>>You won’t find a lot about the Pharmacy Keys online. They’re not big on maximizing their content. They don’t have a flashy website or a wildly engaging Instagram with professionally staged photos that try to make them look like their behaving naturally. These guys are nothing like that. They’re not here to impress you with social content because they don’t need to. They’re a rock and roll band and that’s all you need to know.
Hailing from Cleveland, Pharmacy Keys are Rust-Belt Rock. They sound like they belong in every city from St. Louis to Portland, Maine, a staple garage-bar rock band with catchy hooks and guitar fuzz dripping with the sweat of the 1990. It’s overdriven guitar-based rock riffs with melodic voices, brief harmonies, and catchy pop hooks. It’s good barbeque and beer music, with a friendly vibe and big open drums lines to tap your foot to.
The album opens up with minor chords on Baby Tonight. There’s a 90’s feel, a bit of Smoking Popes meets Radiohead and it instantly feels familiar and new at the same time. The song has subtle surprises, including a brief silence before heading into a breakdown with the song’s title. The guitar gently supports the melody and its actually kind of sweet, a lullaby with light beer bravado.
This is the band’s first full album but they’ve been together since 2017 and it shows. Every song feels natural and comes across as fun, like these guys can’t wait to play these songs every night, as much as for release as it is for cathartic necessity. The message in Executive Tans is slightly hidden underwater, but it’s there and dark, a little commentary on the American way of life, delivered with a tongue in cheek Fountains of Wayne kind of way.
There's a bit of a hidden darkness to the music and right now especially it feels welcome. Occasionally but well-placed minor chords heavy with reverb and chorus conjure the band playing in the darkest corner of your favorite local bar, the townies gathered around the pool table looking ominous yet uncharacteristically friendly. Crystal Cove will make you light a Marlboro, throw on a leather jacket, and ride your motorcycle outside of town. The familiarity of these songs is palpable and the radio friendly pop melodies and the vocals combined with a mellow speed are comforting and feel reliable.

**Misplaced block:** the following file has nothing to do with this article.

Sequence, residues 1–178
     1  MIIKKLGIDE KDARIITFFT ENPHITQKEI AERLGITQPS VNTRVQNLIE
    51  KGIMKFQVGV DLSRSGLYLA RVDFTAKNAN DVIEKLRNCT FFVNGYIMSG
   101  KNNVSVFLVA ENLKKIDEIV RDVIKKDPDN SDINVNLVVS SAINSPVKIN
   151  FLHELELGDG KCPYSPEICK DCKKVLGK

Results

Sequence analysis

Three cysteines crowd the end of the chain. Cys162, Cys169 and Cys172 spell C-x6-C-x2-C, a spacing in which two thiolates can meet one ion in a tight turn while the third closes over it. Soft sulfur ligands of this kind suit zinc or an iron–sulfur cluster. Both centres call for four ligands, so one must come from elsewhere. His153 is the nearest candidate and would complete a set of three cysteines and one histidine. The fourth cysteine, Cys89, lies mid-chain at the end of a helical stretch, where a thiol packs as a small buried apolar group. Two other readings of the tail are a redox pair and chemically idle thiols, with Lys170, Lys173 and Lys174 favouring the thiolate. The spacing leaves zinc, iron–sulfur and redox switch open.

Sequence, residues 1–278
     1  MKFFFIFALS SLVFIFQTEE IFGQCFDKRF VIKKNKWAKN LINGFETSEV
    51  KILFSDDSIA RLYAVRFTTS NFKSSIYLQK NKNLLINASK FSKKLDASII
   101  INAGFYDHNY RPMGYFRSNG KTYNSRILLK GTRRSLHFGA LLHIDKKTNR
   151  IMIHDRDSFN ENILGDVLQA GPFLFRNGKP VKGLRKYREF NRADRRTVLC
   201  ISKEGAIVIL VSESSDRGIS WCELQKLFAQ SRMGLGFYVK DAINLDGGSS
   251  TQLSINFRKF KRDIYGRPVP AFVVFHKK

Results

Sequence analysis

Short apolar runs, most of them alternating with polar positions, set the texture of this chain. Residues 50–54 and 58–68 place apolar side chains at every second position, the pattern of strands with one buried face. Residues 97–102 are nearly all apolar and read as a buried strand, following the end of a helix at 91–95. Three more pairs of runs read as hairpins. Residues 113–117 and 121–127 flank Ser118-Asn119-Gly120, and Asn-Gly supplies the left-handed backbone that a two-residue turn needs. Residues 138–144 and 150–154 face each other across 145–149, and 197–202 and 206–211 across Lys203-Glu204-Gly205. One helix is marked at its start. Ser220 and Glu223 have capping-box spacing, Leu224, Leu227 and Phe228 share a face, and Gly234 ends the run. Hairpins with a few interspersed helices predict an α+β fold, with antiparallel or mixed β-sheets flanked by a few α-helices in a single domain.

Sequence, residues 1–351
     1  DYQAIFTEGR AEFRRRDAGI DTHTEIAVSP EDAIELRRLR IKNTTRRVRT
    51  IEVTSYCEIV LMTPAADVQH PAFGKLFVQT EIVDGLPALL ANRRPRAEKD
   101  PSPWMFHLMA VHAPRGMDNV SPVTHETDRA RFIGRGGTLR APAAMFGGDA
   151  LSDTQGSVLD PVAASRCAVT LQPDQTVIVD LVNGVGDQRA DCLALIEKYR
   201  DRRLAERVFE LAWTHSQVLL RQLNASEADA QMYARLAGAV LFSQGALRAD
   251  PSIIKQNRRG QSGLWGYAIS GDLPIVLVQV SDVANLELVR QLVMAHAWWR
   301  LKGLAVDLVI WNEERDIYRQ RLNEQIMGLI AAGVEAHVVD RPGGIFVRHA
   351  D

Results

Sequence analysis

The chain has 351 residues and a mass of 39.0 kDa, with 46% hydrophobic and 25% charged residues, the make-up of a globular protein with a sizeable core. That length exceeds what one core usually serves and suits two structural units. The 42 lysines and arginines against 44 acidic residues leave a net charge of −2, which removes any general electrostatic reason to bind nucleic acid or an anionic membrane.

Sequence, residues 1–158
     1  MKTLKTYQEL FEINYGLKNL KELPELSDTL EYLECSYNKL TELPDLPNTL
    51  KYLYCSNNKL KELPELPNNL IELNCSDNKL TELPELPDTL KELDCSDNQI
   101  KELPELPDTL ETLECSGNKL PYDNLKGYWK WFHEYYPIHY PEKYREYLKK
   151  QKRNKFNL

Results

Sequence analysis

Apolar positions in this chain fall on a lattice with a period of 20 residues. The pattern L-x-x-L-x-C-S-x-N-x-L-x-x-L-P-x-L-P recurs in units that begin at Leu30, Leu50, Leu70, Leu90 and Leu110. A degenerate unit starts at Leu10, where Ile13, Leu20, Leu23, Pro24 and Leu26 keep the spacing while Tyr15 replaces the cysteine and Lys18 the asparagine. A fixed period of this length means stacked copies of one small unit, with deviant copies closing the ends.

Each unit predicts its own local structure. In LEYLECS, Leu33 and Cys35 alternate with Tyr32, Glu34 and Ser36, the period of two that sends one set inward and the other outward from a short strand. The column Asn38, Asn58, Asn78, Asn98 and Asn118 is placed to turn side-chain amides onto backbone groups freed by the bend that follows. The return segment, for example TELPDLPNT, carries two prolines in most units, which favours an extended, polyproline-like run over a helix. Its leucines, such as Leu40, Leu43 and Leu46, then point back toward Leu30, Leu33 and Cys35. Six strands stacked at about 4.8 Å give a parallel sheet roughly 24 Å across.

It’s an evenly produced and well mixed first album. It perfectly suits the band and their style. Kudos to those behind the boards. Songs like Take the Cake are proof that mixing matters as much as the song as the blend of acoustic picking, electric riffs and a slide guitar are artfully put together. To add to it there’s a great song here, a melody driven song with a promising hook. Take the Cake is the clear frontrunner for the premier single and has gotten play on the radio in the Cleveland area.
Every Note a Symphony would be the close second for a premiere single. The hand claps are fun and combine with a spiffy guitar lick that sounds like middle American life, a modern take on Mellencamp, if he ranged toward the alternative rock stations. The song contains much more dynamics than some of the others and the abrupt end leaves you wanting to take another listen.
There’s further range with Al’s Vintage Triumph, a little Tweedy, a little Uncle Tupelo with a quick but enticing guitar solo towards the end, before the breakdown comes with “Kick God’s ass” and the guitar turns up and smacks you in the face, along with some driving drums riding the crash. You’re left with an organ to end the song on a single note.
Pharmacy Keys is proof positive that rock still exists without having to be mashed up in combination with several other genres to set themselves apart. It’s just solid reliable rock and roll that make you want to roll a smoke, pop the top on a Miller, and enjoy.